The year 2021 has been an incredible year of action, growth, and innovation at Starburst. From launching Starburst Galaxy, the first cross cloud analytics solution, to key executive hires like Adrian Estala, David Freeman, Javier Molina and Toni Adams, from achieving unicorn status to tripling revenue and customers, and from winning top industry accolades to owning the share of voice on Data Mesh, 2021 has been a landmark year. All such milestones were captured in the 125 blogs that were published throughout the year.
We launched an All-Stars Editorial Program with elements of gamification earlier in the year to up-level our content game by adding more internal voices to the Starburst blog. The idea was to break down the functional silos and unlock the tribal knowledge we possess as a team in order to build a thriving content engine. I’m happy to report that the program was a huge success that saw contributions from nearly all departments including alliances, engineering, sales, customer success, and of course marketing.
Between culture, events, people, product, technical, and thought leadership posts, deep technical blogs logged the most views and came to the top after the funding announcement. The top five blogs of 2021 (published in 2021) in order of popularity, measured by unique page views, are:
It is no surprise that our Series C blog announcement made it to the top. An important milestone in the company’s history, the funding took Starburst to a valuation of $1.2 billion. After bootstrapping the company to profitability for the first two years without any outside capital, we have raised $164 million to date.
Wondering why we’ve raised so much money? “Simply put, we believe we are solving the biggest problem that the big data era couldn’t: Offering fast access to data, regardless of where it lives,” explains Mr CEO, Justin Borgman. “Stated another way, we provide data warehousing-style analytics, without the data warehouse.”
Starburst is an enterprise-grade edition of the open source Trino that is used by hundreds of customers today, including data-driven companies like Comcast, Tesla, FINRA, and Zalando. It includes additional features that improve performance, security, connectivity, and manageability, along with 24×7 support from the Presto (and Trino!) experts.
Since the onset of big data, the idea of a single source of reference or a single point of truth has been the goal of data management. However, the approach is hypocritical at its very core.
Anybody who has been involved in the deployment of an enterprise-wide data warehouse knows that the endeavor is filled with coordination. “Organizationally, it is a centralized behemoth… Scalability requires independent units working in parallel, while centralization introduces coordination, resistance, and inertia,” notes Daniel Abadi, the award-winning professor of Computer Science.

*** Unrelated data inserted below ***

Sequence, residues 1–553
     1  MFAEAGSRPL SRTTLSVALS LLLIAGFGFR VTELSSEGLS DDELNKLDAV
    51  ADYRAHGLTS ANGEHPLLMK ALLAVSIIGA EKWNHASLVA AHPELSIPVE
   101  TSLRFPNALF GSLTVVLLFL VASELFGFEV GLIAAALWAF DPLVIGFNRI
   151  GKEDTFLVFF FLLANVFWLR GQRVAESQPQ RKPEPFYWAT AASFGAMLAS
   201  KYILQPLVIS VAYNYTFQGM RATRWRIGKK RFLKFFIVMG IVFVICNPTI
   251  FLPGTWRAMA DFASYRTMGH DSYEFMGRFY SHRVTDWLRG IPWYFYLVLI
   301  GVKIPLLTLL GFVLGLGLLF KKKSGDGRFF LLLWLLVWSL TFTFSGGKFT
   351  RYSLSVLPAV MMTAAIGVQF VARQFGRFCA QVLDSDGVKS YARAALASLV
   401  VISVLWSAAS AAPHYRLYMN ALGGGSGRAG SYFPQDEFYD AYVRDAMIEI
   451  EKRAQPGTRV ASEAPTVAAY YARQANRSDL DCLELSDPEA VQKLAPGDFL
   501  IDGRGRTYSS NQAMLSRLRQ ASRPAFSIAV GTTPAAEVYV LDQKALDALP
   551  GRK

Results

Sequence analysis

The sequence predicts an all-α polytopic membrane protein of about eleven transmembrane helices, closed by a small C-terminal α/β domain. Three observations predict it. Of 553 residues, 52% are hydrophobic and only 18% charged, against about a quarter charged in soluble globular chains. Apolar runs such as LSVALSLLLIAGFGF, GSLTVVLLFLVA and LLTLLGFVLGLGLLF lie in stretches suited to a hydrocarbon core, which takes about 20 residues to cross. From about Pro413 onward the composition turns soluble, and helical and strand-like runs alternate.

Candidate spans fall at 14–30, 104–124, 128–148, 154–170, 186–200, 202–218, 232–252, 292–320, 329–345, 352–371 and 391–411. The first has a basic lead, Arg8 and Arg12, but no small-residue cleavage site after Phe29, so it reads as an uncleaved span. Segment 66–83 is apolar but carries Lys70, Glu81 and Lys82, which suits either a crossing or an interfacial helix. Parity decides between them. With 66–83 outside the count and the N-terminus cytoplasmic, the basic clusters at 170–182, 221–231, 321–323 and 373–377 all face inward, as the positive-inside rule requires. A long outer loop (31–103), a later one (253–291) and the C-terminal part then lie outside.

Daniel describes how the Data Mesh solves this age-old problem: It does for human teams what the parallel database systems do for “teams” of computers/servers.
“Given that the technology [like Starburst] that enables the Data Mesh to be implemented without ‘the silo catch’ now exists, the remaining justifications for the continued existence of the centralized data warehouse are starting to disappear,” he concludes.
Data Fabric and Data Mesh are both emerging paradigms designed to solve a prevalent problem in modern data management: Undue reliance on a slow, central human team to make new datasets available.
They are fundamentally different techniques that make vastly different technical assumptions. A Data Mesh aims at increasing the efficiency of human effort by emphasizing domain ownership and distributed data teams while Data Fabric aims to automate the work with artificial intelligence.
“The Data Fabric fundamentally is about eliminating human effort, while the Data Mesh is about smarter and more efficient use of human effort,” notes Daniel Abadi in his blog that compares and contrasts the two architectural paradigms.
The first installment in a four-part blog series, Trino on Ice offers a gentle introduction to the Apache Iceberg Connector, as the title suggests. It explores Iceberg’s table properties, cloud compatibility, concurrency model, the Iceberg specification, and partitioning.
“Iceberg maps and indexes the files in order to provide a higher level abstraction that handles the relational table format for data lakes,” shares Brian Olsen, US Marine turned software engineer and developer advocate.
He sets the tone by discussing the pain points of Hive and how Iceberg attempts to solve some of those problems and provides a general guide from Hive to Iceberg. All this through the lens of a Trino user!
As Microsoft’s Azure platform continues to grow and enterprise companies create and migrate data, Starburst provides an easy way to query that data wherever it lives.
In this blog, Director of Customer Solutions Tom explains through a diagram, how Starburst provides a SQL Query Engine for Data Mesh – a query consumption layer on top of a Data Mesh in which different organizational domains store their data in different data storage locations such as ADLS, Synapse, SQL databases, NoSQL, and even queuing systems like Kafka.
“Starburst has helped many customers transition from their on-premises data lake to Azure’s ADLS Gen 2 storage,” notes Tom. “Adding a high performant, high concurrent query engine on top of this storage allows a company to provide an easy-to-use SQL-based tool to query data in a variety of locations.”
Hope you enjoyed our Top 5. We’ll conclude with a fun update from our All-Stars Editorial Program – We’re running a tight race between Colleen Tartow and Tom Nats for the grand prize of a ‘Dinner for Two with CEO Justin Borgman’ 🙂 Will it be one of them or someone else? The winner will be crowned on Mon, Jan 31 that marks the end of the company’s fiscal year, stay tuned!
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